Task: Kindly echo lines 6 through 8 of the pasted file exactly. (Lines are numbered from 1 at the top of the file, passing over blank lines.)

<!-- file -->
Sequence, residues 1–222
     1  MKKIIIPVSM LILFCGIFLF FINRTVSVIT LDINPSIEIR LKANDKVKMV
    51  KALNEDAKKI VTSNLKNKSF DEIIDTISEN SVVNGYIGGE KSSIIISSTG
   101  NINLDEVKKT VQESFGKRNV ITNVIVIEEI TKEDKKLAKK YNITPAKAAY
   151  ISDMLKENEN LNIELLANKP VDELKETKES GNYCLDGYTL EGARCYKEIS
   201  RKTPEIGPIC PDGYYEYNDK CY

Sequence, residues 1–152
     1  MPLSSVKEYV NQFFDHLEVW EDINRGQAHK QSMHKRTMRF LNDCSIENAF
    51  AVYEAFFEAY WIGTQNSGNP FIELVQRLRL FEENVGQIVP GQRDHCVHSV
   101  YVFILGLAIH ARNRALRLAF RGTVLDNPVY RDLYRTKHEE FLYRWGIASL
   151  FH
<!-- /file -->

   201  RKTPEIGPIC PDGYYEYNDK CY

Sequence, residues 1–152
     1  MPLSSVKEYV NQFFDHLEVW EDINRGQAHK QSMHKRTMRF LNDCSIENAF